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Is the Autoimmune Protocol a breeding ground for disordered eating?

Is the Autoimmune Protocol a breeding ground for disordered eating?

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Sarah Ballantyne, author of the groundbreaking Autoimmune Protocol book The Paleo Approach: Reverse Autoimmune Disease and Heal Your Bodyis one of the most brilliant people I know. She writes at ThePaleoMom.com, and at that site as well as in her book, she outlines a very specific, very effective, and therefore necessarily very limited approach to paleo eating. If broken, it heals your gut.

By healing your gut, you heal a lot of other things, too.

It’s remarkable. Sarah has had had success with… I’m going to guess, and correctly, I believe, hundreds of thousands of people.

So short story is: the autoimmune protocol Sarah (and others, like one of my favorite women, Eileen Laird) outlines and advocates is the. bomb. digs.Bomb diggity Black

But I’ve always been wary.

For two reasons. 1) People without autoimmune diseases often eat an AIP for the sake of “better health.” But this is silly, because I and AIP advocates alike think it’s unnecessary, and doesn’t even benefit your health really, necessarily, unless you’re autoimmune. 2) People use this as an excuse to eat a controlled way of eating. 3) People sometimes feel unduly restricted on AIP and develop disordered behaviors. 4) People have a hard time transitioning out of AIP. 5) Obviously there are more than two reasons.

(And no, to answer my title’s question, the AIP doesn’t always beget disordered eating. But there’s definitely a “but” that belongs, hanging, at that end of that statement.  “The AIP doesn’t beget disordered eating, but…”)

So anyway. I did an interview talking about these things with an AIP advocate named Eileen Laird, who writes at Phoenix Helix.com (what an amazing brand name, holy hell), who’s brilliant and lovely. There’s a lot of psychological stuff that swirls around AIP: fear of death, fear of illness, fear of freedom..

Good. Stuff.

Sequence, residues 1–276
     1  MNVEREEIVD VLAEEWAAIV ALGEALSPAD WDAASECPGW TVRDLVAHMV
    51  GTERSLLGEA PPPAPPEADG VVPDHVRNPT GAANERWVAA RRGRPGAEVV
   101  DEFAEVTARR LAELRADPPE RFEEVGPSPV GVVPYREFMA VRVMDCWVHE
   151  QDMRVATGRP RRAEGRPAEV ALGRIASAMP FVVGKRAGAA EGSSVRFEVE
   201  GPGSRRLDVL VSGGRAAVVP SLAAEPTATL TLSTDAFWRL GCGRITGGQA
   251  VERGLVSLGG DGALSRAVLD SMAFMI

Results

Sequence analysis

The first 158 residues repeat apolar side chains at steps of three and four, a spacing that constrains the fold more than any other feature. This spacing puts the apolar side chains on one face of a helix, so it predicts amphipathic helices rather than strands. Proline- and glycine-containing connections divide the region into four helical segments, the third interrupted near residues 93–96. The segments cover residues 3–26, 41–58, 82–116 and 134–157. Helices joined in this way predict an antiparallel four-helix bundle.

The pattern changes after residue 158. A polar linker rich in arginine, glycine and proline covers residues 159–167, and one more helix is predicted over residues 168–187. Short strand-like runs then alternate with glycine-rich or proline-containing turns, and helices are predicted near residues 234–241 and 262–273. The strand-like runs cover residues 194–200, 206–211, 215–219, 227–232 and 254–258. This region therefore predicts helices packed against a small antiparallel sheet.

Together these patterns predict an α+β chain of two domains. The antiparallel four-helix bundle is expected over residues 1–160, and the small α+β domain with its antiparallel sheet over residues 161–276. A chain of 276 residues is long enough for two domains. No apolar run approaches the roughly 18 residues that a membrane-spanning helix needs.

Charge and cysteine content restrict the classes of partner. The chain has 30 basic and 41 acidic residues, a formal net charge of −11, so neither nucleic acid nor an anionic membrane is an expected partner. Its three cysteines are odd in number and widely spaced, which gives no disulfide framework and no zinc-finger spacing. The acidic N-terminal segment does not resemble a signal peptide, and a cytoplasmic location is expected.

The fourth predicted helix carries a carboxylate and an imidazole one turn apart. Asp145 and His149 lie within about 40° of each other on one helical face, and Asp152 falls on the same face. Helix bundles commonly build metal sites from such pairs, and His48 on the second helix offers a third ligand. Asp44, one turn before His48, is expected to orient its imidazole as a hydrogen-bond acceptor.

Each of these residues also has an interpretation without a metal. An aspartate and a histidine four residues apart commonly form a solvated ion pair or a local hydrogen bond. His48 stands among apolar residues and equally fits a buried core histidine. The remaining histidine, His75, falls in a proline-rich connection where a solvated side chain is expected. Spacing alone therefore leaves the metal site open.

@ here.

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Managing director of Paleo for Women and author of Sexy by Nature.

3 Comments

  1. Hi Stefani! Firstly, let me just say thank you because it was through your website that I began to research the Paleo diet for help with my long-standing hormonal issues. I myself am not following the AIP, but I read about it and instantly knew my mother would benefit from it. She has had an autoimmune disorder for years that no one can really figure out, but she has been able to identify specific foods that trigger her reactions. As I was reading the AIP “no” list, I was shocked to find literally every food my mom already realizes she can’t eat, plus some.

    I cannot imagine anyone that would do AIP unless they were autoimmune, but then again, those that may be pre-disposed to disordered eating might be tempted to. However, I don’t think that the AIP should be discredited because some may misuse it. I think disordered eating comes in many forms and follows all kinds of diets, so education and support within the Paleo community is important in healing anyone with a past history of disordered eating and to prevent it as much as possible.

    • If you go read the interview, that’s exactly what I say.

  2. Having recently been diagnosed with Hashimoto’s I’ve been toying with the idea of doing the AIP protocol, but having had issues with disordered eating in the past this is a concern of mine. I will definitely check out your interview!

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